Ride Hailing Giant Didi US-Listed Shares Slump Nearly 20% as Delist Looms

As of Monday, when Didi announced to have a shareholder meeting to vote on the voluntary delisting next month and not to apply for other listing until completing the delisting, Didi shares saw a nearly 86% decline since the debut in last June.

BEIJING, April 18 (TMTPOST)— The American depository receipts (ADRs) of DiDi Global Inc plunged as much as 23% before settling 18.3% lower Monday, after the largest ride-hailing service provider fixed a meeting date to determine its delisting path forward.

Source: Visual China

The board of directors has authorized the company to organize a shareholders meeting on May 23, 2022 at 7:00 p.m., Beijing Time, or 7:00 a.m. U.S. Eastern Time, to vote on the voluntary delisting of the company’s American Depositary Shares (ADSs) from the New York Stock Exchange as soon as practicable, according to Didi’s filling disclosed on Monday. The company said it would continue to explore potential listing on another internationally recognized exchange, however,in order to better cooperate with the cybersecurity review and rectification measures, it would not apply for listing of its shares on any other stock exchange before completion of the delisting.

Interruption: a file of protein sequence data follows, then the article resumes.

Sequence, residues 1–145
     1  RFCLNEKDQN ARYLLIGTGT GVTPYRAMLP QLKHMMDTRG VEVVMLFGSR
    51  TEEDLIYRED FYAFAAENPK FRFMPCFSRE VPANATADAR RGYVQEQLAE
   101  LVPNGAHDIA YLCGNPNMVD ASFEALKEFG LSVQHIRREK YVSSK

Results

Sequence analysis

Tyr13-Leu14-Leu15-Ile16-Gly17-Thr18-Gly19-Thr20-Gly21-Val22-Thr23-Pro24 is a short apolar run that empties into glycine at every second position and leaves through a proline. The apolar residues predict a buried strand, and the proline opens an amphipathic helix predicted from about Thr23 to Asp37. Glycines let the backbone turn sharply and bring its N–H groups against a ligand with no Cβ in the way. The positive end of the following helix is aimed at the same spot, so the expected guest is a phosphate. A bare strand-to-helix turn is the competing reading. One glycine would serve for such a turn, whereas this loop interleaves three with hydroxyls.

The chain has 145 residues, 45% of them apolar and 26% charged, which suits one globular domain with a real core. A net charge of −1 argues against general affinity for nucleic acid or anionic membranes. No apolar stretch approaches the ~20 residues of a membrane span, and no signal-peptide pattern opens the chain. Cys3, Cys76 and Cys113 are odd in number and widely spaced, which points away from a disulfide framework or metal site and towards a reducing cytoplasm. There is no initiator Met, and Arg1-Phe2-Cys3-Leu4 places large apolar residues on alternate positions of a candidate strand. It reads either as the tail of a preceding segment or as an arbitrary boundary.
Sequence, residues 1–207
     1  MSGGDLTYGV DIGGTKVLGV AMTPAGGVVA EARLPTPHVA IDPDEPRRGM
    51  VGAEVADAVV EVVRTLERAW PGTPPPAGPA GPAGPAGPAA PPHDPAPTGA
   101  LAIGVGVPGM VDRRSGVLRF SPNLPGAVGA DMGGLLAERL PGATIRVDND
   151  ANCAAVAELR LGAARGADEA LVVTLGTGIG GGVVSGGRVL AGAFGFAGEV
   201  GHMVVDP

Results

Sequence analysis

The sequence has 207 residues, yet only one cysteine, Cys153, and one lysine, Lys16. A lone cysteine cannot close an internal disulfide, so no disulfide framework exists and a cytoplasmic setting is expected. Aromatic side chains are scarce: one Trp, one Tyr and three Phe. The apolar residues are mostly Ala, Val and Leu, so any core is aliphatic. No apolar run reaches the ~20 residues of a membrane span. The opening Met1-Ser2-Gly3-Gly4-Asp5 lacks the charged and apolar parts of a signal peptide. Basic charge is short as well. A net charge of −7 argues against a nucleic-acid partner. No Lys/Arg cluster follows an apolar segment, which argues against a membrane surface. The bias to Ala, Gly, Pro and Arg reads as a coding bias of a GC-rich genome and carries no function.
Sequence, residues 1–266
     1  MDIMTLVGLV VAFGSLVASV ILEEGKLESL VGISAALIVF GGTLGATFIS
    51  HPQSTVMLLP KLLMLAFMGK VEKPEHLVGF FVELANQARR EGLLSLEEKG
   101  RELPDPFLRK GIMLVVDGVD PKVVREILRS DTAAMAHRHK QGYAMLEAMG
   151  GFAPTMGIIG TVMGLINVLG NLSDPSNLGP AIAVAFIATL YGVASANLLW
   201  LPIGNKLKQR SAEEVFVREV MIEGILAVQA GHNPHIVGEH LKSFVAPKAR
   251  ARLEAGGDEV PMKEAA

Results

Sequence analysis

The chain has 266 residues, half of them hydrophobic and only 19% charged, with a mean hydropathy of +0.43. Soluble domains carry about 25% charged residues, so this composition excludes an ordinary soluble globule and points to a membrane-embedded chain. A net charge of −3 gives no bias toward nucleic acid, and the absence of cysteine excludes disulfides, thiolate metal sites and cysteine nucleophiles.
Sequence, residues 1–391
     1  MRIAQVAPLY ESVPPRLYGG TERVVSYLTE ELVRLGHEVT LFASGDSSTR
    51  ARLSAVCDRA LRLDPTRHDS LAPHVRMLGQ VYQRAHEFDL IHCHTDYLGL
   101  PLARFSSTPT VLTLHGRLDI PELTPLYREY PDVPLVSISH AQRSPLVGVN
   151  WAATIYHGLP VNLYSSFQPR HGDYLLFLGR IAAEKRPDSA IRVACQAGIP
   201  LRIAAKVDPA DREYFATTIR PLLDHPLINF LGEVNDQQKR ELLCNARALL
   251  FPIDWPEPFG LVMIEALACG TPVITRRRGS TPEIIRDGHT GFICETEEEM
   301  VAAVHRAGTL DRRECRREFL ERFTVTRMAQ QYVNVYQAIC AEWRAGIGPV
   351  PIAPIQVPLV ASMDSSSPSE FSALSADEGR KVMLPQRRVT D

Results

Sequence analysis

Didi reported the revenue for the fourth quarter of last year fell almost 13% from a year earlier to RMB37.473 billion (US$5.88 billion), due to the 15% mobility revenue decrease in China, while the mobility business beyond China that quarter jumped more than 51% to RMB1.045 billion (US$164 million).

Didi announced last December to start delisting its shares from the New York Stock Exchange (NYSE) and prepare for listing in Hong Kong, officially declaring a farewell after its app was removed from the native market stores as Chinese regulator launched cyber security review in early July, days after it launched an initial public offering (IPO) in U.S. As of Monday close, Didi’s ADRs saw a nearly 86% decline since the debut on June 30, 2021, making the worst performance among Chinese firm that raised at least US$2 billion through IPO in New Work.

Last month, Didi was reported to suspend its preparations for Hong Kong listing originally slated for around the summer of the year as the Cyberspace Administration of China (CAC), the internet regulator, informed the company that its proposals for data security hadn’t met the regulatory requirements, increasing the uncertainty of the company’s homecoming listing prospect.

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